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Increasingly muscular Supreme Court good for human rights

3 August 2010 by

Happy birthday!

The UK’s new Supreme Court has reached the end of its first term, leading to some interesting discussions about its future from both practical and philosophical perspectives. From a human rights angle, a well-tooled and robust Supreme Court which acts to keep the government in check is good for everyone.

On a practical level, the UK Supreme Court Blog has posted on the stark warning from the UKSC’s chief executive, Jenny Rowe, to the effect that the Government’s proposed budget cuts could cripple the new court after only a year in operation. The UKSC Blog reports that Jenny Rowe, the court’s Chief Executive, has said she is not sure where the axe will fall but that “since casework (i.e. the hearing and determination of appeals) was the Court’s “priority“, it would be the Court’s public education and outreach programmes that would be most vulnerable.

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Spying on school parents was unlawful and breach of human rights

3 August 2010 by

Worth lying for?

(1) MS JENNY PATON (2) C2 (3) C3 (4) C4 (5) C5 and POOLE BOROUGH COUNCIL, Investigatory Powers Tribunal – Read ruling

The Investigatory Powers Tribunal (IPT) has ruled that a local council acted unlawfully in spying repeatedly on parents suspected of lying about where they lived in order to get their child into a sought after school. The ruling may not, however, prevent local authorities from spying on families for similar reasons in the future.

The IPT exists to investigate complaints about conduct by various public bodies, including in relation to surveillance under the Regulation of Investigatory Powers Act 2000 (RIPA). Section 28 of RIPA allows a public body to apply to conduct direct surveillance if the authorisation is necessary on various grounds, including the detection of crime.

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End of the age of terrorism for human rights campaigners [updated]

2 August 2010 by

Updated (4 Aug 2010)

Army generals are notorious for fighting the last war instead of the current one. Human rights campaigners may be in danger of the same mistake if they get their strategy wrong for the new coalition government.

The great civil liberties fight of the last decade centered on New Labour’s anti-terrorism measures. Keystone issues such as stop and search, 42-day detention without charge and control orders caught the public imagination and have been the subject of bitterly fought and largely successful campaigns by rights groups.

The other significant fights have been over the so-called surveillance state; for example CCTV, the DNA database and ASBOs, all of which are now being considered for reform by the new government.

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New legislation website launched, updated to 2002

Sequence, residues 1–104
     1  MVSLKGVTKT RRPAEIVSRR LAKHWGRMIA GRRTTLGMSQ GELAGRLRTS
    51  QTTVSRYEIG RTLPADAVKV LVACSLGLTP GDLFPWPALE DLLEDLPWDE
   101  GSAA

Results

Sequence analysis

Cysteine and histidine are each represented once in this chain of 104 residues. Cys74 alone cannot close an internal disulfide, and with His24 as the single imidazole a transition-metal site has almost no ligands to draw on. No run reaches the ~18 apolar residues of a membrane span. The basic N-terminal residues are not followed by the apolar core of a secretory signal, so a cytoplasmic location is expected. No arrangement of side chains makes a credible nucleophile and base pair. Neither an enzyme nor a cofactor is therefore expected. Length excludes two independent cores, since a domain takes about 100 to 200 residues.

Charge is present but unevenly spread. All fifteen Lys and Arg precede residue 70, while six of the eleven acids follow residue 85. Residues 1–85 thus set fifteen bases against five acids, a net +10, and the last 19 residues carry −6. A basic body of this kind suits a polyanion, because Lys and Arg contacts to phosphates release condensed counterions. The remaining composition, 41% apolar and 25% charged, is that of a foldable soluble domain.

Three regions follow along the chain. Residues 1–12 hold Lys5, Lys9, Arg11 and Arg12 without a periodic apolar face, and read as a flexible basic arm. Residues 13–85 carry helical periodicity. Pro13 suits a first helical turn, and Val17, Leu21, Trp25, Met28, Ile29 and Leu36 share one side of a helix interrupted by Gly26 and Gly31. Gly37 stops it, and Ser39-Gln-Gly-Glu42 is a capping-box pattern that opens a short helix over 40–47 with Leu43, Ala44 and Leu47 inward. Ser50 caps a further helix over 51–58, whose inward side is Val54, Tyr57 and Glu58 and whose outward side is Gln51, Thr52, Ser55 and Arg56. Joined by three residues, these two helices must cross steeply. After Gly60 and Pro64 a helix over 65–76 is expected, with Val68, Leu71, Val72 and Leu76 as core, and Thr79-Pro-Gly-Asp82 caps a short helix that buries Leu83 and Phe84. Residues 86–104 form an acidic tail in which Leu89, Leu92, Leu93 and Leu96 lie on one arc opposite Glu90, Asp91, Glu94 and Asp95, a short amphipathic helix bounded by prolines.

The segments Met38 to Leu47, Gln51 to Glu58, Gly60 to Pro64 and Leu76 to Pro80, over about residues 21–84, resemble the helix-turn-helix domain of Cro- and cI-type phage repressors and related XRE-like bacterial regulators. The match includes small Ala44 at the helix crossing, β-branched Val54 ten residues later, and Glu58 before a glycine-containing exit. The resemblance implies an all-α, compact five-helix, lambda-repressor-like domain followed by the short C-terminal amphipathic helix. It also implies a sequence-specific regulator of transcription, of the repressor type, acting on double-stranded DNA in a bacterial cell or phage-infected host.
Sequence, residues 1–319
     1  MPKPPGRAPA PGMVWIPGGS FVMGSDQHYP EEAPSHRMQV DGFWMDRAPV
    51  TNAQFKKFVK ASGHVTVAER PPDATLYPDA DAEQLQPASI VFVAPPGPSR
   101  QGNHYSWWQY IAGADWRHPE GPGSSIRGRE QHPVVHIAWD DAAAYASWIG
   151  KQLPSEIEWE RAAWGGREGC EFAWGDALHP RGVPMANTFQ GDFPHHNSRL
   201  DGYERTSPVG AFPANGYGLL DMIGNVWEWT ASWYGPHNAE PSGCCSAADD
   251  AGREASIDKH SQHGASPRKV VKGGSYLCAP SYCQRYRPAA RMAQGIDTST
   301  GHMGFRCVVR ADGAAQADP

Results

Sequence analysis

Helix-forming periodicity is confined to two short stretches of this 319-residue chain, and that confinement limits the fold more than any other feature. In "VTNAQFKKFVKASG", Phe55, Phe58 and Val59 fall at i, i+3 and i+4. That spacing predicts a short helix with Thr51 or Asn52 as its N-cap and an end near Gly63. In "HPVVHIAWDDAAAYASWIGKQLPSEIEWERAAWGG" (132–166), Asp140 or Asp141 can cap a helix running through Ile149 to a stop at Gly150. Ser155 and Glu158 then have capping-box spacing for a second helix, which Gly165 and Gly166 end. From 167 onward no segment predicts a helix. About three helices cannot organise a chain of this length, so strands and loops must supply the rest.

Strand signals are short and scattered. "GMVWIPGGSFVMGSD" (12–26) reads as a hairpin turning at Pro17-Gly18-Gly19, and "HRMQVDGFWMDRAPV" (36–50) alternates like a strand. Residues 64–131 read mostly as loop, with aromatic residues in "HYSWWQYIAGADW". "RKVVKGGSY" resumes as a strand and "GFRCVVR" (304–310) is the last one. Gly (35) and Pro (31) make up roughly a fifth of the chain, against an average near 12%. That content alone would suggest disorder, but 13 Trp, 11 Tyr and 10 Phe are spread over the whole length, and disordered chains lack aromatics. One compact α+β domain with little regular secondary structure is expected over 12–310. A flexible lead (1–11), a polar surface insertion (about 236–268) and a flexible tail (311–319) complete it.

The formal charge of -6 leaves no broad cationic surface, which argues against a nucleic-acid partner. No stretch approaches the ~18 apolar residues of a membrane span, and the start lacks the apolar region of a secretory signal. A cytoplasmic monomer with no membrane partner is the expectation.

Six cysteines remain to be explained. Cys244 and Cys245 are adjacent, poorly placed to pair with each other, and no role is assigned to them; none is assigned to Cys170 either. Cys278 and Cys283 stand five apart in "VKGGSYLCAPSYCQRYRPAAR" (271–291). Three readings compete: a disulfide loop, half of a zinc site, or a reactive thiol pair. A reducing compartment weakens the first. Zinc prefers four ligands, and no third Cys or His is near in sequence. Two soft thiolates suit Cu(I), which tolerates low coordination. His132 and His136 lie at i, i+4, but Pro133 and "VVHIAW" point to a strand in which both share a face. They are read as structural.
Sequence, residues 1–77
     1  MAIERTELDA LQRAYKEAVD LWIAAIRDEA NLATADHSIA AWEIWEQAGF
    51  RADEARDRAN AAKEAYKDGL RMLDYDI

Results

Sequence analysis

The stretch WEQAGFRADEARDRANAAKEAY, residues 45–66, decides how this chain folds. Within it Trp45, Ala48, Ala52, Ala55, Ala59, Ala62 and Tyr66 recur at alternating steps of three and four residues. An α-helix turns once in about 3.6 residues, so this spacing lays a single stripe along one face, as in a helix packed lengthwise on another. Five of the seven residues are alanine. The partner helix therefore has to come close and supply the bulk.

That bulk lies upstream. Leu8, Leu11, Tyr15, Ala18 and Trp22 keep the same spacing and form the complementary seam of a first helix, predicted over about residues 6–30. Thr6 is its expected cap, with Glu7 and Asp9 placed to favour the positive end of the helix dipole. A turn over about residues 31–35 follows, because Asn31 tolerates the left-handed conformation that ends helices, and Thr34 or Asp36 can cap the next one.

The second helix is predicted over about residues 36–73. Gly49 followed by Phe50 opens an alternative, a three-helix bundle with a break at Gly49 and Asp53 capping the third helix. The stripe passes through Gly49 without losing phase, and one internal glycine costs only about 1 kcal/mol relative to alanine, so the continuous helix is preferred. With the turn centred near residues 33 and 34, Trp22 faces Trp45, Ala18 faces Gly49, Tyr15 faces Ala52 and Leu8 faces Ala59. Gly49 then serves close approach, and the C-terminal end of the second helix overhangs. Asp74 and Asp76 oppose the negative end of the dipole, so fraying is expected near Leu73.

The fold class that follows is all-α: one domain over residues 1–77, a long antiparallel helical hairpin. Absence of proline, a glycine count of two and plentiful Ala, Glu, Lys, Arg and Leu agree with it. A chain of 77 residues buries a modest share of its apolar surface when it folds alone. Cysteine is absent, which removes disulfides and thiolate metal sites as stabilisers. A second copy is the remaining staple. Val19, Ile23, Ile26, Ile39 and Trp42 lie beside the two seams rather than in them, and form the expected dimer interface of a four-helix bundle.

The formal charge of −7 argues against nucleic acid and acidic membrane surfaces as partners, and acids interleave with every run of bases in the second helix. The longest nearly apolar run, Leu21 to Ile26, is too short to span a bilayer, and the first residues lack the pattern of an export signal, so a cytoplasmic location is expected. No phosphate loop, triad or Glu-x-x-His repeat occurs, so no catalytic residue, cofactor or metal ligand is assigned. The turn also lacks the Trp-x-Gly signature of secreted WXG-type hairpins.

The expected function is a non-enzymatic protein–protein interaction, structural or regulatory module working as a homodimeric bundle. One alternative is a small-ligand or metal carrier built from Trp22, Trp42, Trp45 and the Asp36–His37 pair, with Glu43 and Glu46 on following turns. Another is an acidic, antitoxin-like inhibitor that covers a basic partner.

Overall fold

2 August 2010 by

The government has launched a sparkly looking but as yet scantily featured new legislation website, legislation.gov.uk, to replace the two websites which previously did the same job, OPSI and the Statute Law Database.

One notable absence from the National Archives-run site is any guarantee that the statutes will be up to date after 2002. This was also a limitation of its predecessors, which is why lawyers generally avoided them for fear of unknowingly using an out-of-date statute. “About half” of the legislation is now up to date, according to the frequently asked questions section. This is surprising given the amount of money which is spent on Government IT; the new website asking what laws people want scrapped will apparently alone cost £20,000.

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UKIP Supreme Court judgment analysis

2 August 2010 by

For those of you looking for more information on last week’s Supreme Court judgment on UKIP party funding (see our previous post), we have been sent an interesting analysis of the judgment from Lucy Colter at Four New Square Chambers.

Patrick Lawrence Q.C. and Can Yeginsu, also of Four New Square, appeared for UKIP. The judgment was only of tangential importance in respect of human rights, but Coulter addresses this towards the end of her article. The main point was that a court in future would have leeway as to how much it could order a party to forfeit. As such, the court was satisfied that the party funding legislation is sufficiently flexible so as not to contravene human rights law:

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Expenses scandal four lose parliamentary privilege appeal

30 July 2010 by

Morley & Ors v. R [2010] EWCA Crim 1910 – Read judgment

Four former Members of Parliament have failed in their appeal of a Crown Court ruling preventing them from claiming parliamentary privilege in criminal proceedings arising from the parliamentary expenses scandal.